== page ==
# 10.10: Alkylation of Alkenes

Addition of a saturated hydrocarbon $$\left( \ce{R-H} \right)$$ to an alkene to yield a saturated hydrocarbon of higher molecular weight is known as alkylation:

Such reactions are used by the petroleum industry to produce medium-molecular-weight hydrocarbons from smaller molecules. A particularly important example is afforded by the addition of 2-methylpropane to 2-methylpropene in the presence of sulfuric acid or anhydrous hydrogen fluoride to yield 2,2,4-trimethylpentane:

The overall reaction appears to be different from any so far discussed, because it involves addition of a nonpolar reagent $$\left( \ce{RH} \right)$$ to an alkene bond.

The key to the mechanism of hydrocarbon alkylation was provided by the discovery by P. D. Bartlett, in 1940, that a carbocation can react rapidly with a hydrocarbon having a tertiary hydrogen to yield a new carbocation and a new hydrocarbon. Some of these "hydrogen-transfer" reactions are extraordinarily fast and may be complete in seconds or less. The hydrogen is transferred with both bonding electrons $$\left( \ce{H}^\ominus \right)$$. For example,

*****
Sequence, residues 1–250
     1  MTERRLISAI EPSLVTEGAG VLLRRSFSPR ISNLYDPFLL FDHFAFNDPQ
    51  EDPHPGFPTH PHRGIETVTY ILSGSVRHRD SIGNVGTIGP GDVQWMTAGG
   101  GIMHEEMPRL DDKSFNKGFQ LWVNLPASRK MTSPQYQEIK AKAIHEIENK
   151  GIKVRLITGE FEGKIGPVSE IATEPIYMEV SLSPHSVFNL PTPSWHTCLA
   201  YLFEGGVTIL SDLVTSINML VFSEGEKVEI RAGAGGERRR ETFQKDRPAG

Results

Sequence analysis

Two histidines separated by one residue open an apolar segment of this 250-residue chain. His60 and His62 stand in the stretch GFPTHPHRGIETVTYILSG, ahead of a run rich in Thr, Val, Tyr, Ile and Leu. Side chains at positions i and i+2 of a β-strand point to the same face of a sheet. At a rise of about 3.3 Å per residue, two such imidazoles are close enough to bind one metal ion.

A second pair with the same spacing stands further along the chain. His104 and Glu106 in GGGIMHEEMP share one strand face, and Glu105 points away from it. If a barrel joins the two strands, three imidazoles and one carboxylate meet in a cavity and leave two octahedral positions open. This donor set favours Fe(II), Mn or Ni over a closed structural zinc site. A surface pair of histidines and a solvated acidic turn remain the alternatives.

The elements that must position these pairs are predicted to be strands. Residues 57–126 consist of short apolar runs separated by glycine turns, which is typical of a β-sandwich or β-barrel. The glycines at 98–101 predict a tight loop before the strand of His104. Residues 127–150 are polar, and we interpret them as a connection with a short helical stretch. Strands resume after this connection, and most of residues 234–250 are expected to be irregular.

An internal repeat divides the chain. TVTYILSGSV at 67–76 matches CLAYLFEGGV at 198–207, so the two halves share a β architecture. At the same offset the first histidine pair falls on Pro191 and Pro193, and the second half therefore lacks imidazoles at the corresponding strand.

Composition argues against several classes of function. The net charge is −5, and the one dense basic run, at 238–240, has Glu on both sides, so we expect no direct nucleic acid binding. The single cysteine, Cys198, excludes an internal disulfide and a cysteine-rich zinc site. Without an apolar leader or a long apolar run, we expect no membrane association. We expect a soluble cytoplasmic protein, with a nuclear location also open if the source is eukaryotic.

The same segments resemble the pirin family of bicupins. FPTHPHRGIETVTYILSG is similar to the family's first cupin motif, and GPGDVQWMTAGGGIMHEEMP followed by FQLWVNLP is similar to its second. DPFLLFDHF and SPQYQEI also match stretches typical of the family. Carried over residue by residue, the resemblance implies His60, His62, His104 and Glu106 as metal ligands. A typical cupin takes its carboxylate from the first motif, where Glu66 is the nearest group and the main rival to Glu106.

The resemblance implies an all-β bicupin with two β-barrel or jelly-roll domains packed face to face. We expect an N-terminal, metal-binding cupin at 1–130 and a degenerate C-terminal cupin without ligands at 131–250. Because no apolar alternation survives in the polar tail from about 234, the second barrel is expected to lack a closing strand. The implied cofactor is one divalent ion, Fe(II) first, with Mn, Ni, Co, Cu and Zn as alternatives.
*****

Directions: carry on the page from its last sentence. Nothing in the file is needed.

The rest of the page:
With the knowledge that the hydrogen transfer is fast, the alkylation of 2-methylpropene with 2-methylpropane can be formulated as involving first polymerization of two 2-methylpropene molecules under the influence of the sulfuric acid catalyst to give the same octyl cation as was postulated for the dimerization of 2-methylpropene:

The octyl cation then can undergo a hydrogen-transfer reaction with 2-methylpropane to furnish 2,2,4-trimethylpentane and a tert-butyl cation:

Attack by the tert-butyl cation on another molecule of 2-methylpropene produces an eight-carbon tertiary cation, which them proceeds to another molecule of "alkylate":

This is an important example of a cationic chain reaction.

## References

• John D. Robert and Marjorie C. Caserio (1977) Basic Principles of Organic Chemistry, second edition. W. A. Benjamin, Inc. , Menlo Park, CA. ISBN 0-8053-8329-8. This content is copyrighted under the following conditions, "You are granted permission for individual, educational, research and non-commercial reproduction, distribution, display and performance of this work in any format."